To say there’s too much money floating around at the moment would be the understatement of the year.
We can see it in the incredibly high valuations in the stock market overall, which is trading at about 40 times its price-earnings ratio.
Alternatively, we can drill down to specific companies like Tesla, which even after the recent dip, is still trading at more than 1,000 times the value of what those shares are actually worth.
It seems like investors are basically willing to throw money at anything that has a ticker, regardless of what that thing might actually be worth.
Don’t get me wrong, the free market is the ultimate dictator of price, but the discovery mechanism is clearly being distorted right now by global central banks who seem determined to ensure that prices keep moving up, regardless of how the economy is doing.
The latest target of this phenomena is most peculiar indeed. In fact, it is a central bank. …
Technically, there’s absolutely no reason for this sudden jump in share price, as is explained in the article, but here we are. Capitalism is now a joke. At least it’s a funny one.
In the newly popular non-fungible token market, where all the hip celebrities are now jumping in headfirst. Click to tweet
I’m pretty darn sure this is the first time I’ve ever screen captured anything involving Paris Hilton, but here it is. …
It doesn’t get any more mainstream than this.
Although, it’s a bit difficult to understand Kim Dotcom’s comment about the empowerment of artists, especially in the light of Beeple, who simply doesn’t seem satisfied with his share of what the market is willing to pay for blockchain-enabled ownership of digital art.
As I write to you today, I’m listening to the three-hour stream of the confirmation hearing for Gary Gensler, who has been nominated to chair the U.S. Securities and Exchange Commission.
It’s extremely doubtful that I’ll get through the entire thing, and even though these events are usually a snooze-fest, this one has a lot of very important information about how Gensler, if confirmed, will approach the regulation of financial markets and digital assets.
Meanwhile, last night, The Chicago Board Options Exchange made its latest attempt to obtain approval for the first bitcoin exchange-traded fund to be available on a U.S. exchange.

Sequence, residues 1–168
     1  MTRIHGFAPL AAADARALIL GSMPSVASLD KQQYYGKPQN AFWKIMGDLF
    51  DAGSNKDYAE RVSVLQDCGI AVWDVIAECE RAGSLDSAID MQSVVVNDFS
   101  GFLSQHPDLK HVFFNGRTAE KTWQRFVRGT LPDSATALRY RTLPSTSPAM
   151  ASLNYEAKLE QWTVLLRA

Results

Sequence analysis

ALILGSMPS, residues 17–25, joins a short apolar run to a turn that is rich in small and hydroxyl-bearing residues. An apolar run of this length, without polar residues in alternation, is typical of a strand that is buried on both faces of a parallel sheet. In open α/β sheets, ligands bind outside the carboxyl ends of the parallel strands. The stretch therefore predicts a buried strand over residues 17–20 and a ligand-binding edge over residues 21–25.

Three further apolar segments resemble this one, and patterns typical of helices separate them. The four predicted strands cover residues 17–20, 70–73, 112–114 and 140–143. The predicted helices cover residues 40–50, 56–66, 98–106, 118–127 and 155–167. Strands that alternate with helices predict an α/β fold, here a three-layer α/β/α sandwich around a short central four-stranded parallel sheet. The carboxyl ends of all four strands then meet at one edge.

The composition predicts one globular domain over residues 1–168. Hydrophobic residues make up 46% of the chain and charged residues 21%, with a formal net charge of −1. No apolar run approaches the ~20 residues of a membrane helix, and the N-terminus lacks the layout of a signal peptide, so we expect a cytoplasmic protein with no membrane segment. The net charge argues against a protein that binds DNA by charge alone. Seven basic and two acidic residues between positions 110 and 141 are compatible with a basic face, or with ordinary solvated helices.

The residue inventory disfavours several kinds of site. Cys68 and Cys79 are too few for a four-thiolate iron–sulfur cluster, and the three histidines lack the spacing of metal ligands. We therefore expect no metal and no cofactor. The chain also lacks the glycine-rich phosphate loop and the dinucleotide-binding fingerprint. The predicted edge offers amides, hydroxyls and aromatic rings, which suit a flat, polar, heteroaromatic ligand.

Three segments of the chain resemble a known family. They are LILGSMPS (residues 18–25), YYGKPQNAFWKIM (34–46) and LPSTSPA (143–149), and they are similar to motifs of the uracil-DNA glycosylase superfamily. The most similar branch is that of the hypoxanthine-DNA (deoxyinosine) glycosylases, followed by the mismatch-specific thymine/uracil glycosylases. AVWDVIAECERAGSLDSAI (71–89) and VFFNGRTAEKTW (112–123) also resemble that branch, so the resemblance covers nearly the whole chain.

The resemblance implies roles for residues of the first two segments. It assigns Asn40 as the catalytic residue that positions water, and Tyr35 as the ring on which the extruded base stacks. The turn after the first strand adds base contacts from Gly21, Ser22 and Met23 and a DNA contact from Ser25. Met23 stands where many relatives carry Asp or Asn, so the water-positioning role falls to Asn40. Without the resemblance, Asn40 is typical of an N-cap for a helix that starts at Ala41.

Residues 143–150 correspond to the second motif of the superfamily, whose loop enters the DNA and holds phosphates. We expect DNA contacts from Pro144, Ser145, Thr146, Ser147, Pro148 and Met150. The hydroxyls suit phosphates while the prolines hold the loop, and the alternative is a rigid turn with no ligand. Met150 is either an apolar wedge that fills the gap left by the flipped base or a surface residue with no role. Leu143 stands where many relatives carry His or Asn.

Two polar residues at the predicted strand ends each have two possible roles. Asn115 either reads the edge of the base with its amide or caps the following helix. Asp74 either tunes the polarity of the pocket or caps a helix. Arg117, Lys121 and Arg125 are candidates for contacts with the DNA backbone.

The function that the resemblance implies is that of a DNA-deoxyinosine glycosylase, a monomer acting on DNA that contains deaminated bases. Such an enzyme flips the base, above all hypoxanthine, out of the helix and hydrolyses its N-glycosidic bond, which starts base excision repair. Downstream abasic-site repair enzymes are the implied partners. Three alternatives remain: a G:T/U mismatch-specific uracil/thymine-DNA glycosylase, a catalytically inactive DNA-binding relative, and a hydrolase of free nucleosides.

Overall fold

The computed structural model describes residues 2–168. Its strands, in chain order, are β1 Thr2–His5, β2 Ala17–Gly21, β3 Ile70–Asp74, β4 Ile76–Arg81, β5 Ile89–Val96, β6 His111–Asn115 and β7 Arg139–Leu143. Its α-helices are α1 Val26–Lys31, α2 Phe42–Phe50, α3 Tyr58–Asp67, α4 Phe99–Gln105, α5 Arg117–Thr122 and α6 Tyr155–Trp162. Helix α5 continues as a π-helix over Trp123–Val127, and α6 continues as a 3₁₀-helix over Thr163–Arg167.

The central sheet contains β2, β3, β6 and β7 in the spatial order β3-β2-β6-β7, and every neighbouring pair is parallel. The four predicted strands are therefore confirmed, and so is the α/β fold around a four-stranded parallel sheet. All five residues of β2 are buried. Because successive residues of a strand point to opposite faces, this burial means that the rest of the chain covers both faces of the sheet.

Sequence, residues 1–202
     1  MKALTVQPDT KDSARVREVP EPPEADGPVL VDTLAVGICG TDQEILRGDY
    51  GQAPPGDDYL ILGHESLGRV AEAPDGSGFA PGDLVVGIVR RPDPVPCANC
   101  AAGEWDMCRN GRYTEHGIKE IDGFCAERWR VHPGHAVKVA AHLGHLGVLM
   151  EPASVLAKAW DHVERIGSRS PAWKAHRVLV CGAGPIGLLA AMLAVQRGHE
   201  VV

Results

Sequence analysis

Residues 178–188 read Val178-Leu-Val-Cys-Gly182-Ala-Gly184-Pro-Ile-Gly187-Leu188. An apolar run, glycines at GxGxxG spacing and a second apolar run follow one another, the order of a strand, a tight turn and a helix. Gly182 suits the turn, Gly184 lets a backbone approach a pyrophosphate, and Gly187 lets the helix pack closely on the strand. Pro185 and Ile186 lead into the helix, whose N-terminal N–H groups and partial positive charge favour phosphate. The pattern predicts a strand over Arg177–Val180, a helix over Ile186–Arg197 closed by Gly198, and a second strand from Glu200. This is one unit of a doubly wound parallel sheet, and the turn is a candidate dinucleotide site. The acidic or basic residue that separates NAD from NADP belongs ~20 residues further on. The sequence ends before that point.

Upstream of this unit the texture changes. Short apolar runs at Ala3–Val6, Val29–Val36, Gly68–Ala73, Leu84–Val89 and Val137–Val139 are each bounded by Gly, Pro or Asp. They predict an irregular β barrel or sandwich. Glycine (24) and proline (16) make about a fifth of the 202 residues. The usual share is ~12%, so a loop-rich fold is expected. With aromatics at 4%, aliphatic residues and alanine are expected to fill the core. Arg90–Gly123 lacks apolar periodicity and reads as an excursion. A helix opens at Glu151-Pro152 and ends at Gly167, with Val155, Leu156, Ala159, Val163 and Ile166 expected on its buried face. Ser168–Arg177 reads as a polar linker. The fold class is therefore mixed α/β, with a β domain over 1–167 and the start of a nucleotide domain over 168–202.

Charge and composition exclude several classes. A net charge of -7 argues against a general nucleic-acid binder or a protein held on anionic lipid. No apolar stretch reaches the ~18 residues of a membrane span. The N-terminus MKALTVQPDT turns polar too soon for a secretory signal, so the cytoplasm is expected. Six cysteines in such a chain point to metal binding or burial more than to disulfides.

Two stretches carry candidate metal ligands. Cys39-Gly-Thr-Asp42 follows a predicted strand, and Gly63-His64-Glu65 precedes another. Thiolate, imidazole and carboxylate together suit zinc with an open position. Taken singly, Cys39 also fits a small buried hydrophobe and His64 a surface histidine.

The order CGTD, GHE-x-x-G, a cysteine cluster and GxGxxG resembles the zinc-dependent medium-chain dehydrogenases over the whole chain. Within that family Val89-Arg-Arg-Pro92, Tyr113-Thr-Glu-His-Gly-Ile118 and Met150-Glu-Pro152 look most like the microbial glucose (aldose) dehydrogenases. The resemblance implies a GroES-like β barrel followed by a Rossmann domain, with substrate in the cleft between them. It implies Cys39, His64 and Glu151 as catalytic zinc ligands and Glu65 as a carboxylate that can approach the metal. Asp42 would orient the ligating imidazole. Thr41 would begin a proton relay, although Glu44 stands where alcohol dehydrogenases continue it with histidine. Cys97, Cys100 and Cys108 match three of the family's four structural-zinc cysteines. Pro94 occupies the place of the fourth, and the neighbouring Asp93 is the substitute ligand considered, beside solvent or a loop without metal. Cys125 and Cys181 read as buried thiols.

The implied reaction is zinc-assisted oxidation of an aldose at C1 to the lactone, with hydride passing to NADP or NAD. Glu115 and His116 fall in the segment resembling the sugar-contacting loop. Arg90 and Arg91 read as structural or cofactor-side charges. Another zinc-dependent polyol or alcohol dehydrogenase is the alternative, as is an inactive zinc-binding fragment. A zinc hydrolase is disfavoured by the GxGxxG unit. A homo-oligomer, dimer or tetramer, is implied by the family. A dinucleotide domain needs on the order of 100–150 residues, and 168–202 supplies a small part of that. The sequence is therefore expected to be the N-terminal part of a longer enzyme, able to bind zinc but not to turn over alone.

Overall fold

As we know, Jay Clayton, former chair of the SEC, was vehemently opposed to such a vehicle, saying that the market simply wasn’t ready. The SEC went on to deny about half a dozen such filings.
Parsing Gensler’s statements today, it certainly seems that he’ll give it a more serious consideration than Clayton did.
If we can learn from Canada, where the world’s first bitcoin ETF was just launched to much fanfare and explosive volumes, it’s quite clear that the market is certainly ready for such a product.
Back in March of 2017, when the Winklevoss twins made the first attempt at a bitcoin-backed ETF, the market was wondering whether approving one of these funds, which would allow investors to purchase bitcoin without incurring the security issues of holding coins, or deal with the regulatory uncertainty of buying from an exchange, would be a catalyst for hedge funds to start making purchases.
Today, however, we’re not lacking any particular catalyst. Hedge funds are already buying. Bitcoin does not need any catalyst. As Gensler pointed out in his hearing, bitcoin is the catalyst.
Frankly, I’m not sure what an ETF really adds at this point. It’s only a matter of market share and who gets to rake in the fees for selling bitcoin to Wall Street. That’s not a race that most of us have any horse in, unfortunately, but it’s still fun to watch.